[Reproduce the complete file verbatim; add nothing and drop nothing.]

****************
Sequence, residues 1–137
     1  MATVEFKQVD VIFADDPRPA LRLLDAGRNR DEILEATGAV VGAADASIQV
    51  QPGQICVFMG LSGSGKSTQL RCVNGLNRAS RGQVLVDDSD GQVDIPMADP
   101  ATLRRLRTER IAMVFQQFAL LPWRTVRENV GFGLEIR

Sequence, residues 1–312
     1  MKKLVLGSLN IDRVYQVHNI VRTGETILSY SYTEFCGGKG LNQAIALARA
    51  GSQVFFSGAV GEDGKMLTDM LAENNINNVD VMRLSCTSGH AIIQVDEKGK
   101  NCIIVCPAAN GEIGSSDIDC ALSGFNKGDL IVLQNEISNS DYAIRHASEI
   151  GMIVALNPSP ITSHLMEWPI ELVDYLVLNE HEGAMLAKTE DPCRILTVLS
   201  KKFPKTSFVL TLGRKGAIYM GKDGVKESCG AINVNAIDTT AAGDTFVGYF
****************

Sequence, residues 1–137
     1  MATVEFKQVD VIFADDPRPA LRLLDAGRNR DEILEATGAV VGAADASIQV
    51  QPGQICVFMG LSGSGKSTQL RCVNGLNRAS RGQVLVDDSD GQVDIPMADP
   101  ATLRRLRTER IAMVFQQFAL LPWRTVRENV GFGLEIR

Sequence, residues 1–312
     1  MKKLVLGSLN IDRVYQVHNI VRTGETILSY SYTEFCGGKG LNQAIALARA
    51  GSQVFFSGAV GEDGKMLTDM LAENNINNVD VMRLSCTSGH AIIQVDEKGK
   101  NCIIVCPAAN GEIGSSDIDC ALSGFNKGDL IVLQNEISNS DYAIRHASEI
   151  GMIVALNPSP ITSHLMEWPI ELVDYLVLNE HEGAMLAKTE DPCRILTVLS
   201  KKFPKTSFVL TLGRKGAIYM GKDGVKESCG AINVNAIDTT AAGDTFVGYF